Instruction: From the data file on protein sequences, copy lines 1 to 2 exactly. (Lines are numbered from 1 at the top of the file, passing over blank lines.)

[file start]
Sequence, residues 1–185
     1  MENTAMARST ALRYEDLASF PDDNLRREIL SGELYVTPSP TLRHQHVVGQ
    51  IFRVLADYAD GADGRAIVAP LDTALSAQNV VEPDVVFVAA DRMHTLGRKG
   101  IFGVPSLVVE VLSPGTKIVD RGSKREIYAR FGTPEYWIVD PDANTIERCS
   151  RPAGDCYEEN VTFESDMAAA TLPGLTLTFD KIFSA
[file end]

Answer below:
Sequence, residues 1–185
     1  MENTAMARST ALRYEDLASF PDDNLRREIL SGELYVTPSP TLRHQHVVGQ